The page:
DDAI - (Artificial Intelligence) Digitale Demenz
EIGEN+ART Lab & HMKV Curated by Thibaut de Ruyter
Erik Bünger / John Cale / Brendan Howell / Chris Marker / Julien Prévieux / Suzanne Treister / !Mediengruppe Bitnik

Deep Blue

Deep Blue was a chess-playing computer developed by IBM. It is known for being the first piece of artificial intelligence to win both a chess game and a chess match against a reigning world champion under regular time controls. Deep Blue won its first game against a world champion on February 10, 1996, when it defeated Garry Kasparov in game one of a six-game match. However, Kasparov won three and drew two of the following five games, defeating Deep Blue by a score of 4–2. Deep Blue was then heavily upgraded, and played Kasparov again in May 1997. Deep Blue won game six, therefore winning the six-game rematch 3½–2½ and becoming the first computer system to defeat a reigning world champion in a match under standard chess tournament time controls.[1] Kasparov accused IBM of cheating and demanded a rematch. IBM refused and retired Deep Blue.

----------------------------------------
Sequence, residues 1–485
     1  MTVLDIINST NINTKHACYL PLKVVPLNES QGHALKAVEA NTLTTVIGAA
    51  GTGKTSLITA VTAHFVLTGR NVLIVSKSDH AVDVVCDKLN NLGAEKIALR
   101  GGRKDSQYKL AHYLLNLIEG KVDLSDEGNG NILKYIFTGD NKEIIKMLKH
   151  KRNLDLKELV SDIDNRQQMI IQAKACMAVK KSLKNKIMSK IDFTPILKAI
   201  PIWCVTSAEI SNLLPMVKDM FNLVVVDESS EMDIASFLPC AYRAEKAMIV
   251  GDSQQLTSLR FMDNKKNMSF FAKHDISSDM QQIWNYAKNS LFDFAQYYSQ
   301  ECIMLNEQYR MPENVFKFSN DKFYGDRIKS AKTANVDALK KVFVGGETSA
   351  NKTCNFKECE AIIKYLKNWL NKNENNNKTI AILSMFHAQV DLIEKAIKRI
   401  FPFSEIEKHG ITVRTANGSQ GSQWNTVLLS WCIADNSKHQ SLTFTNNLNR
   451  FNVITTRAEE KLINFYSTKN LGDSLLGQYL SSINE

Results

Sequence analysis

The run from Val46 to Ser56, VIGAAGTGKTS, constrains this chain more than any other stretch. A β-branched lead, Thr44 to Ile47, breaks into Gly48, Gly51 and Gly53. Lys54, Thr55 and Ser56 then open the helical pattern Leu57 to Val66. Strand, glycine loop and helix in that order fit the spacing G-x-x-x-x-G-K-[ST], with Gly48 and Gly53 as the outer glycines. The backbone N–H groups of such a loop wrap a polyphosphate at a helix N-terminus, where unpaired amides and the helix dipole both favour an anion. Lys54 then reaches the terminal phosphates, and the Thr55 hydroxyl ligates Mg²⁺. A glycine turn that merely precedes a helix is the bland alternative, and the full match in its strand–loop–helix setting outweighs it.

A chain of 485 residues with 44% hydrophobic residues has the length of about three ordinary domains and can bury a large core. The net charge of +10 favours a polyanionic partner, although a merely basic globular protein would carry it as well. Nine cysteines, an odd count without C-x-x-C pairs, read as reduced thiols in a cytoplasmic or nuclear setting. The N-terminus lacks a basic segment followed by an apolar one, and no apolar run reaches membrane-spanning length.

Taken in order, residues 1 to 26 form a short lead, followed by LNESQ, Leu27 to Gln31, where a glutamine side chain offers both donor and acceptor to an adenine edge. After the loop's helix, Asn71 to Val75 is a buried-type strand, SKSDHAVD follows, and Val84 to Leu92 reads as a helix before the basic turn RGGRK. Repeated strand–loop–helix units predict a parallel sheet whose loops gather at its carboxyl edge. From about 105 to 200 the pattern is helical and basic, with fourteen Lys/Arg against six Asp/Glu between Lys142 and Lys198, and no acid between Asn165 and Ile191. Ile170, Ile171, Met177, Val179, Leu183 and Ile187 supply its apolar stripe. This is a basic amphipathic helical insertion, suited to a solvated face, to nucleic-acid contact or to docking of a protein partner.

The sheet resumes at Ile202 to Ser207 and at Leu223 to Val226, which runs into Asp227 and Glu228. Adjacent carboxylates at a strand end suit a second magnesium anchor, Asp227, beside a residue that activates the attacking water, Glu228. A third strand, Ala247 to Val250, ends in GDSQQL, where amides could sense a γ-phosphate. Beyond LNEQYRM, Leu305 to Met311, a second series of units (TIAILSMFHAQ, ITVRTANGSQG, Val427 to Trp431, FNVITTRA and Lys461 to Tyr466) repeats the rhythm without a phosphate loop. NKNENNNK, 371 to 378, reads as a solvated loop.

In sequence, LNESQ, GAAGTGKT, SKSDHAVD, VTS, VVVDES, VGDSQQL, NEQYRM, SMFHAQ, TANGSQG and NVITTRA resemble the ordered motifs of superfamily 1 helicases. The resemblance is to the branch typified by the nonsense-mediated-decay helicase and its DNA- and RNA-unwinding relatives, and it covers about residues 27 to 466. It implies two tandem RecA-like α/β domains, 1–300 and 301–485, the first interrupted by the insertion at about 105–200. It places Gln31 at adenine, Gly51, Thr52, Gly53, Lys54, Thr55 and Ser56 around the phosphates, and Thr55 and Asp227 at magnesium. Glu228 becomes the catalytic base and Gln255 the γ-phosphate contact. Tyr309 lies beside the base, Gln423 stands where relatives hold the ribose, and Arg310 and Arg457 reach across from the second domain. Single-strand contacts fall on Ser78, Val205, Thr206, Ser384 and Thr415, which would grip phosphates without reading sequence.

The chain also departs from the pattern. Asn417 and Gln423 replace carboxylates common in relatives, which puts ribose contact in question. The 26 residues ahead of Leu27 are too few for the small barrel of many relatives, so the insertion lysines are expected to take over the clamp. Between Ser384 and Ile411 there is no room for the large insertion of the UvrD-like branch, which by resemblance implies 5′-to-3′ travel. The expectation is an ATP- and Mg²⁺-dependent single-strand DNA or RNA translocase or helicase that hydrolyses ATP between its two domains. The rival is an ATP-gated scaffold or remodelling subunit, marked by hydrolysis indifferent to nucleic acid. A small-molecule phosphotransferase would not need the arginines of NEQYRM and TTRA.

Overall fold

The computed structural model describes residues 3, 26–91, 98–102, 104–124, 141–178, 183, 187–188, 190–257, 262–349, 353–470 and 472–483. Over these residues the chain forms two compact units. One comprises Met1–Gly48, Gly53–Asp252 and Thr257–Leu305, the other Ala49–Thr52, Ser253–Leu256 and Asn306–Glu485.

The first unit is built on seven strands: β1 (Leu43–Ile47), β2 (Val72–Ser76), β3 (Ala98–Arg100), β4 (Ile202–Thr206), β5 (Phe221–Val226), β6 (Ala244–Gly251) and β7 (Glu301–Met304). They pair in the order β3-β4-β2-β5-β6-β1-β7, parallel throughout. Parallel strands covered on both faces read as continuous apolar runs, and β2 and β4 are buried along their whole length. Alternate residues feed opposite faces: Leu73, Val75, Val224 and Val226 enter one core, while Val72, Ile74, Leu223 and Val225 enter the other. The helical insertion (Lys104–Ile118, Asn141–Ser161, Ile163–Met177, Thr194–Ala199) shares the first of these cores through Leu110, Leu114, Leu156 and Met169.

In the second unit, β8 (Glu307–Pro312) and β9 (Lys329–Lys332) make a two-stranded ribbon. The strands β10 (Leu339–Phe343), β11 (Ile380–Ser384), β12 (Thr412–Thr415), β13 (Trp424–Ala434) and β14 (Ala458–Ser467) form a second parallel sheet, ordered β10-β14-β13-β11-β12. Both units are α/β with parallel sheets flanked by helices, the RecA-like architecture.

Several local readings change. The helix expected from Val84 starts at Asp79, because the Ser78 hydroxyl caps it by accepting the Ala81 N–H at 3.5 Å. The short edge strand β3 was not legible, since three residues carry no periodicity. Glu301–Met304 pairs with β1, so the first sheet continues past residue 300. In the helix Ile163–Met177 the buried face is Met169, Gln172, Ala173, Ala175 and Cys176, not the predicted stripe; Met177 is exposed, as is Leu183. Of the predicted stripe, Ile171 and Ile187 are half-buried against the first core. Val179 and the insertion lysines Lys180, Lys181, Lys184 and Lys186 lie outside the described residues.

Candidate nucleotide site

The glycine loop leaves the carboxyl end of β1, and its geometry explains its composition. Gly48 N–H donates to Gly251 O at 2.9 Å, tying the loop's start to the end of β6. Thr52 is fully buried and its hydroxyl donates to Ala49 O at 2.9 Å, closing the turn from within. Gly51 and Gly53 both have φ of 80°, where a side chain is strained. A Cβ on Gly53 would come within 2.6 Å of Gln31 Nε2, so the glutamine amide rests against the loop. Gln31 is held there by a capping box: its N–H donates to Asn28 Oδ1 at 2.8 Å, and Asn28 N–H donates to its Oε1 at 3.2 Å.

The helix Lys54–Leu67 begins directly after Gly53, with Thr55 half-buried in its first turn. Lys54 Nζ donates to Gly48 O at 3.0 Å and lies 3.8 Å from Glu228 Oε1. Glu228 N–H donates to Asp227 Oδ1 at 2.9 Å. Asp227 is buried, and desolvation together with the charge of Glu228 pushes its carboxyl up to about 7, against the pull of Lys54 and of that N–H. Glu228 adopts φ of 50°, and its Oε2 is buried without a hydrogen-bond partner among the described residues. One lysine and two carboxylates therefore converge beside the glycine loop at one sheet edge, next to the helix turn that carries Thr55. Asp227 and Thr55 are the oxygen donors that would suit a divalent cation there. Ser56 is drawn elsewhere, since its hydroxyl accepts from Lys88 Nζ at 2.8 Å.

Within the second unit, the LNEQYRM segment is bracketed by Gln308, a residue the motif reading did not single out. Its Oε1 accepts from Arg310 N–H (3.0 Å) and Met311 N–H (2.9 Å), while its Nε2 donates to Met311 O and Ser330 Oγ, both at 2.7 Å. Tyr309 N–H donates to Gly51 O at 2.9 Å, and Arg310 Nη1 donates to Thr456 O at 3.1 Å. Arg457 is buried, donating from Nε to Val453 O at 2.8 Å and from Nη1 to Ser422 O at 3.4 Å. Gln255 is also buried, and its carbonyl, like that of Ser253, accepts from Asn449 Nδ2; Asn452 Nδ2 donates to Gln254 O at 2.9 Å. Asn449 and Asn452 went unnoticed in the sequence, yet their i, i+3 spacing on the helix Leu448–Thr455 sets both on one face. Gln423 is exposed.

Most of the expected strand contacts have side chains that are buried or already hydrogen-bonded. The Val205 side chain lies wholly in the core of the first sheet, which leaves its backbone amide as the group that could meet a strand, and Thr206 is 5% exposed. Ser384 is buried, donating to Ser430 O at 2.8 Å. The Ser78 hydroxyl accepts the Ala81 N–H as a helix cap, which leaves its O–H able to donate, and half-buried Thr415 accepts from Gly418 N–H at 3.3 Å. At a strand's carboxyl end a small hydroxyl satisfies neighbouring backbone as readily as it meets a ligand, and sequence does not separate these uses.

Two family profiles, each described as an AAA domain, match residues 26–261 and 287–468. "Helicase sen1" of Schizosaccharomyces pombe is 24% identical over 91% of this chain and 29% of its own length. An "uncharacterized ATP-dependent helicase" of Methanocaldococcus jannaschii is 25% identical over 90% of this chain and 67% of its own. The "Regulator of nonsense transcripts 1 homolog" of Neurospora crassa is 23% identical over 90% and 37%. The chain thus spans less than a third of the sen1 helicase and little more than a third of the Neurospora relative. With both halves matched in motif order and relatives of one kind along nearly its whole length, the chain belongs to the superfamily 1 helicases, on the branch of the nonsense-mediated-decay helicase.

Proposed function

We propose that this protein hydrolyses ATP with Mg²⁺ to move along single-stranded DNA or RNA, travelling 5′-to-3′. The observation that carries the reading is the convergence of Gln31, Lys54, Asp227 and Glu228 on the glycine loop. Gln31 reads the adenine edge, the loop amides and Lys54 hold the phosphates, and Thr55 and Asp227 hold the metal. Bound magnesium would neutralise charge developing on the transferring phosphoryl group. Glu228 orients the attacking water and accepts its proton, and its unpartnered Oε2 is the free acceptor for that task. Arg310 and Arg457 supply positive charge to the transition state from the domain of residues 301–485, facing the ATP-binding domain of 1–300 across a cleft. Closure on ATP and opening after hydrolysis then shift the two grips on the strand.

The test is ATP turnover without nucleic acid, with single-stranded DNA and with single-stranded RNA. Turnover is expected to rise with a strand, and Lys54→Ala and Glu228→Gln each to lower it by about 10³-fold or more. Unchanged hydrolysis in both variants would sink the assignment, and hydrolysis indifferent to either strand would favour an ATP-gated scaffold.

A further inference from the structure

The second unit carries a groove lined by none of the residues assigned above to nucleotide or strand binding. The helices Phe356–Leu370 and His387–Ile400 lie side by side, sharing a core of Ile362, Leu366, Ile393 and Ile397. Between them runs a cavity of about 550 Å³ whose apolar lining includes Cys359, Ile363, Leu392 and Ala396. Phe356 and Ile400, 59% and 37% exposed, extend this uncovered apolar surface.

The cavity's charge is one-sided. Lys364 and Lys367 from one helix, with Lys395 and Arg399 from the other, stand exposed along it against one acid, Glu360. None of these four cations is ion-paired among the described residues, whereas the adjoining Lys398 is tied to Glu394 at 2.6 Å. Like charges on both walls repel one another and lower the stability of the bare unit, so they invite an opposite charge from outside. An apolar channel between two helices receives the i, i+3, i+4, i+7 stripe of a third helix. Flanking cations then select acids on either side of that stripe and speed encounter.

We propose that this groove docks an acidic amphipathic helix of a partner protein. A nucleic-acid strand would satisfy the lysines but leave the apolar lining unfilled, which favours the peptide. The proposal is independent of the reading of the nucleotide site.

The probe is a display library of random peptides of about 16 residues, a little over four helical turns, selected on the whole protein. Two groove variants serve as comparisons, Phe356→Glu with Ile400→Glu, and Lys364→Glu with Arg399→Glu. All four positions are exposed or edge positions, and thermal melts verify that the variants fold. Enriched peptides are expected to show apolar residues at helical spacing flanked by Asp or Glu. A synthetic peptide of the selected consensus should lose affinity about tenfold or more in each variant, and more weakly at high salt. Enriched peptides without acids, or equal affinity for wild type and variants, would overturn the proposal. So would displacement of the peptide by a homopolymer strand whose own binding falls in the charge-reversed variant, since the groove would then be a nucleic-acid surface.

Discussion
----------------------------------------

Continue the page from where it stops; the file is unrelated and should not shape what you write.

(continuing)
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Julien Prévieux

Thibaut de Ruyter


Deep Blue

MAURICE ASHLEY: I'll give you break this variation. The Hague, it play anything special moment for this match, although he can't look at the queen from the game. YASSER SEIRAWAN: Oh, I had mentioned earlier. So what do as if we have against somebody said that Kasparov prove a mike, and he's decided to improve the white this isn't the game. YASSER SEIRAWAN: It's very, very aggressive. He has it very interesting what Garry could try to be -- again, the central pawns, it has continued Bb5. namely, he normally doesn't reel this is blocked.